Security experts: "No surprise" that insiders are No.1 cause of breaches

Forrester's October report, 'Understand the State of Data Security and Privacy', identifies internal threats as the leading cause of data breaches.

The survey featured respondents from companies with two or more employees from Canada, France, Germany, and the UK and found that, over the past year, insiders rank top when it comes to leaking information, with 36 per cent of breaches resulting from misuse of data by employees.

"The rise in insider threat represents a trend that has been going on for quite some time," said TK Keanini, CTO of network security firm Lancope. "Attackers used to 'push' their attacks to servers, now the dominant tactic is to just have the inside user 'pull' the attacks into the enterprise where they can be installed and persist over long periods of time."

Keanini related this to unprotected gateways within an organisation.

"While the Internet gateways are well monitored and protected, the Intranet gateways are not. Again, the longer the threat can go undetected, the better; and this favours an inside strategy."

The report's author, Forrester analyst Heidi Shey, also highlighted the need for guidelines to work with in order to create a more holistic framework in which to prevent data leakage. A framework which Amar Singh, Chair of ISACA UK's Security Advisory Group, said is promising in principle.

"The 'framework' mentioned sounds very good in theory, but finding that needle or bunch of needles in a haystack is easier said than done. Furthermore, data classification exercises again sound good in theory, but all too often every type of data starts being stamped as important or critical," he said.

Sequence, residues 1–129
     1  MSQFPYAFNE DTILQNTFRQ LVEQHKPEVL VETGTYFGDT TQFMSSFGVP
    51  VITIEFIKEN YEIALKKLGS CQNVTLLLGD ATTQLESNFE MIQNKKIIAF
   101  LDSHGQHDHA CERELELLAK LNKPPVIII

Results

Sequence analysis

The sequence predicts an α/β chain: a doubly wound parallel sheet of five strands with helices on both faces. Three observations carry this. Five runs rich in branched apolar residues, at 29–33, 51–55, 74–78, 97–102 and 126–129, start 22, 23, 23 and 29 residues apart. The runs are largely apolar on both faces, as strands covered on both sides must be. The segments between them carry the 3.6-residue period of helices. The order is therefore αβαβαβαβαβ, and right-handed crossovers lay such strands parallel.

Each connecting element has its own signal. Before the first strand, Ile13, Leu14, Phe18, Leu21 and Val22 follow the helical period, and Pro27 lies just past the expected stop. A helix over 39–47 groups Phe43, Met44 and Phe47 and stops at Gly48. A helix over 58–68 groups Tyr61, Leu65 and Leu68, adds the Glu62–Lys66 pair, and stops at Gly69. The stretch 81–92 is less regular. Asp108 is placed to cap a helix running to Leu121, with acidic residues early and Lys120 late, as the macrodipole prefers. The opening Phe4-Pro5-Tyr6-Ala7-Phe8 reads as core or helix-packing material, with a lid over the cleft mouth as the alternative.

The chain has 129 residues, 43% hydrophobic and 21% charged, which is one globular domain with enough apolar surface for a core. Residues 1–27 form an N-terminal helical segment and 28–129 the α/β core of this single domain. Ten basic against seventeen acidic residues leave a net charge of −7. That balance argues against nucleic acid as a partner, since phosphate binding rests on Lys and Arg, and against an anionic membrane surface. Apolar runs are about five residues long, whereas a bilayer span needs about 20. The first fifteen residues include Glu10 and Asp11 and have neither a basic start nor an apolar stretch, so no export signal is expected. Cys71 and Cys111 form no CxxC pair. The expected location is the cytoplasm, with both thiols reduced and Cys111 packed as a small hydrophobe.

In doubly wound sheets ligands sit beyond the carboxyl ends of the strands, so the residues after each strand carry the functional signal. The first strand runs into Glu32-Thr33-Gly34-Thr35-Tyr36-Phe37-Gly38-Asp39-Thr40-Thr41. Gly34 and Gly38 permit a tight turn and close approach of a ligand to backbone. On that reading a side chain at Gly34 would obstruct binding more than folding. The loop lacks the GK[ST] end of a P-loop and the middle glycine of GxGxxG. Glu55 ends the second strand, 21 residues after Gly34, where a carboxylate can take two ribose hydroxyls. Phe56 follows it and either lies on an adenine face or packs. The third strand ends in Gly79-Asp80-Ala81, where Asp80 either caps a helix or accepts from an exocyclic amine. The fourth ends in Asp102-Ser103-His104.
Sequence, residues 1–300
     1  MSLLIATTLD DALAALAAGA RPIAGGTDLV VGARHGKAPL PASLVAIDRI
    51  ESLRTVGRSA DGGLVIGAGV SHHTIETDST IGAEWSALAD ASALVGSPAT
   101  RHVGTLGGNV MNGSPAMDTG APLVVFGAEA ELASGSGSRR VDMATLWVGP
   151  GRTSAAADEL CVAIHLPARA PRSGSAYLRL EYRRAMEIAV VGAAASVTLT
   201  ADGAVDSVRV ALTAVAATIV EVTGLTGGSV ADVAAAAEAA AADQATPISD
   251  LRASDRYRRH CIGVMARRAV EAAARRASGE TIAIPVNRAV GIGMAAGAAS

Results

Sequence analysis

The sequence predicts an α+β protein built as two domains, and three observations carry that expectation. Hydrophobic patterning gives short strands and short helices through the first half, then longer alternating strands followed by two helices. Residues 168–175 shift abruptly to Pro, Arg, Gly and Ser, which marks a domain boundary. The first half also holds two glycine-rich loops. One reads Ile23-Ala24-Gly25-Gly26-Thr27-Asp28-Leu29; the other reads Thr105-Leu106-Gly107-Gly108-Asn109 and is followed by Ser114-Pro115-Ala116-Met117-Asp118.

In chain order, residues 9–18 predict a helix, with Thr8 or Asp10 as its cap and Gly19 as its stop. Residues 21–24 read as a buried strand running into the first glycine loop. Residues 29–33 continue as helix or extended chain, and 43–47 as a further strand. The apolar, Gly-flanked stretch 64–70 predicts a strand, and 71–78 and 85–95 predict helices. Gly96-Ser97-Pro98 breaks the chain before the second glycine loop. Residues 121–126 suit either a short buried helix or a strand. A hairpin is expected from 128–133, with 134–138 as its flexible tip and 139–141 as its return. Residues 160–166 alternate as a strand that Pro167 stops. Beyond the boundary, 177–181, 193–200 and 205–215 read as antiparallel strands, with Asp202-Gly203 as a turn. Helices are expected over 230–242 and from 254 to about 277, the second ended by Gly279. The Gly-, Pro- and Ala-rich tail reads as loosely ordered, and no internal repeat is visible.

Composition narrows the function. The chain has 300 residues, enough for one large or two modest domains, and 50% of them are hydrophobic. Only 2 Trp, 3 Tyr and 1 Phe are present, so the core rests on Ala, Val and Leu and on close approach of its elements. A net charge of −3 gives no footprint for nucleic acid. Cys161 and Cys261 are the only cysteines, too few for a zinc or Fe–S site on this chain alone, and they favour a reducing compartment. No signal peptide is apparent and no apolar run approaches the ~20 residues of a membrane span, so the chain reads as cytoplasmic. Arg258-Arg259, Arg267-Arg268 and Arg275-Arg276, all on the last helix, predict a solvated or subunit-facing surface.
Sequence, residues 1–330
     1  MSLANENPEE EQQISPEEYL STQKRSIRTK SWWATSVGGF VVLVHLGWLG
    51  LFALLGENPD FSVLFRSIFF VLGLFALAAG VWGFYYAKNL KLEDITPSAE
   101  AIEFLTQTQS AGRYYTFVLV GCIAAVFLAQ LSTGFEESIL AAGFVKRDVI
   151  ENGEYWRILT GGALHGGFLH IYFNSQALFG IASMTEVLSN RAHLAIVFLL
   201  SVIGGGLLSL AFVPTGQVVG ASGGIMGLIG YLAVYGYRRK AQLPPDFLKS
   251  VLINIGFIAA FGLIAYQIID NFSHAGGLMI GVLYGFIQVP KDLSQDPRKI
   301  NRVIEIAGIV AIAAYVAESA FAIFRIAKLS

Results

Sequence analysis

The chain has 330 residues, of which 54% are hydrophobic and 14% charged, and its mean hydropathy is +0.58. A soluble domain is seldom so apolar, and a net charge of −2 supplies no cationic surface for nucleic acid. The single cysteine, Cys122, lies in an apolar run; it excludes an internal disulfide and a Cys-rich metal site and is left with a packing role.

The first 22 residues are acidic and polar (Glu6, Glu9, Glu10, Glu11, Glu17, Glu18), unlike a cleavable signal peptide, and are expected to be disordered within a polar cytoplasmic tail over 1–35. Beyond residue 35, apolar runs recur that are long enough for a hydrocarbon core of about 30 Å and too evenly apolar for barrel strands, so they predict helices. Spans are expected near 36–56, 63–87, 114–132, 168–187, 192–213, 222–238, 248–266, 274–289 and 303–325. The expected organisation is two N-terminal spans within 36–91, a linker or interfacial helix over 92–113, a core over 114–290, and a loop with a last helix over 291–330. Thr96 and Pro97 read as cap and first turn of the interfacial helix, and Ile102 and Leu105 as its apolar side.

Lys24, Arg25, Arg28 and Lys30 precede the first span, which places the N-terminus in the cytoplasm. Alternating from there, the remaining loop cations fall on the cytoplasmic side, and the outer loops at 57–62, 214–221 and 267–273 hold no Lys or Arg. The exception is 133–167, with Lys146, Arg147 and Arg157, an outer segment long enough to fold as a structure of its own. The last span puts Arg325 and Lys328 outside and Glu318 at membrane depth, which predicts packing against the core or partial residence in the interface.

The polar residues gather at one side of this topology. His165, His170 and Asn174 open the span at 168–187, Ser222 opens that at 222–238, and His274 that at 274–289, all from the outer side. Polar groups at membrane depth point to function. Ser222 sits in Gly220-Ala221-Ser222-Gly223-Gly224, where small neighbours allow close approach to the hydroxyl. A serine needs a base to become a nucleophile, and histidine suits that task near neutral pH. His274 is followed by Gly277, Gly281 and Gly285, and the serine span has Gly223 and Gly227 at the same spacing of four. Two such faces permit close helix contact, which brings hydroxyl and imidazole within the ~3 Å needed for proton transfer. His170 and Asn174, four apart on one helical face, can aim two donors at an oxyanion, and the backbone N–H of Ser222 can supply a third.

"It is important to identify the people that access known critical data sets like HR, legal and then follow due process, engage, and encourage these critical resources to gradually embed and increase security controls in their day to day operational activities.

"It is also crucial to define what is normal for your organisation and apply simple tweaks to existing systems to generate alerts on abnormal activity; for example, is the HR administrator accessing the salary package at 09:00 in the evening a normal and acceptable event?"

The survey also explored how security budget is allocated and how security teams' responsibilities are managed. Barry Shteiman, director of security strategy at Imperva, explains that, "companies have spent fortunes defeating network attacks, firewall breaches, viruses – but left their data centre exposed to the biggest security problem that exists – people.

"The insider data breaches problem is so big because it does not necessarily mean hackers. Any employee in an organisation may be a malicious insider, and even worse, any employee can be a compromised insider - it doesn't matter if it's the receptionist or the CEO - as long as they have access to the company's data," he added.

Dwayne Melancon, CTO of software specialist Tripwire, said Forrester's findings should come as "no surprise."

"After all, insiders have the most unfettered access to critical systems and data so it stands to reason they would be a top vector for attacks and data disclosure problems. This data drives home the need for enterprises to monitor their systems and data for suspicious changes and activities, regardless of the source. Merely watching network traffic is not sufficient," he continued.

But even when stricter internal policies are drawn up, employees must be able to effectively action them to prevent their abuse, Melancon argues. "Policies are just expectations until employees are given the means and oversight to enforce your corporate policies. If they don't know any better, you can count on them doing something inappropriate with your data, regardless of their intent."

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